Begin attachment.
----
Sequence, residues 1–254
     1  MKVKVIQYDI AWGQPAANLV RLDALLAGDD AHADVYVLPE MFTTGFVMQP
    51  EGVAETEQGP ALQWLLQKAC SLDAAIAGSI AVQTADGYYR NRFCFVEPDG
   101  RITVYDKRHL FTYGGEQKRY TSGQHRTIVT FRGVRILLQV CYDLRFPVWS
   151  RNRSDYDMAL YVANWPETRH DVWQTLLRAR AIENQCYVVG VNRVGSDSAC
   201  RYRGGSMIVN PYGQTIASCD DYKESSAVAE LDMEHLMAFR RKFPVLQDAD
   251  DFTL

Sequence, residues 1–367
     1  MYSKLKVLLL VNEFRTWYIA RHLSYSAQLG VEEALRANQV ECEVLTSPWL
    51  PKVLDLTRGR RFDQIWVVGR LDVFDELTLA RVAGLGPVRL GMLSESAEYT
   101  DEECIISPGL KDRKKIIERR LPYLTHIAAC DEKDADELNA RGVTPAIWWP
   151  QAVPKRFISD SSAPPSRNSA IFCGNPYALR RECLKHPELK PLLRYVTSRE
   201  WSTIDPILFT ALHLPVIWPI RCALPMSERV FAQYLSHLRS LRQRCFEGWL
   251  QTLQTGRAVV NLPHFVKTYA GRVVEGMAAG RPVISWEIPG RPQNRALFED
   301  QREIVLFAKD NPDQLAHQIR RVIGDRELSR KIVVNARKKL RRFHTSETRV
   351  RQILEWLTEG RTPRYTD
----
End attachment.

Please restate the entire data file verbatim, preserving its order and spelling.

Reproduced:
Sequence, residues 1–254
     1  MKVKVIQYDI AWGQPAANLV RLDALLAGDD AHADVYVLPE MFTTGFVMQP
    51  EGVAETEQGP ALQWLLQKAC SLDAAIAGSI AVQTADGYYR NRFCFVEPDG
   101  RITVYDKRHL FTYGGEQKRY TSGQHRTIVT FRGVRILLQV CYDLRFPVWS
   151  RNRSDYDMAL YVANWPETRH DVWQTLLRAR AIENQCYVVG VNRVGSDSAC
   201  RYRGGSMIVN PYGQTIASCD DYKESSAVAE LDMEHLMAFR RKFPVLQDAD
   251  DFTL

Sequence, residues 1–367
     1  MYSKLKVLLL VNEFRTWYIA RHLSYSAQLG VEEALRANQV ECEVLTSPWL
    51  PKVLDLTRGR RFDQIWVVGR LDVFDELTLA RVAGLGPVRL GMLSESAEYT
   101  DEECIISPGL KDRKKIIERR LPYLTHIAAC DEKDADELNA RGVTPAIWWP
   151  QAVPKRFISD SSAPPSRNSA IFCGNPYALR RECLKHPELK PLLRYVTSRE
   201  WSTIDPILFT ALHLPVIWPI RCALPMSERV FAQYLSHLRS LRQRCFEGWL
   251  QTLQTGRAVV NLPHFVKTYA GRVVEGMAAG RPVISWEIPG RPQNRALFED
   301  QREIVLFAKD NPDQLAHQIR RVIGDRELSR KIVVNARKKL RRFHTSETRV
   351  RQILEWLTEG RTPRYTD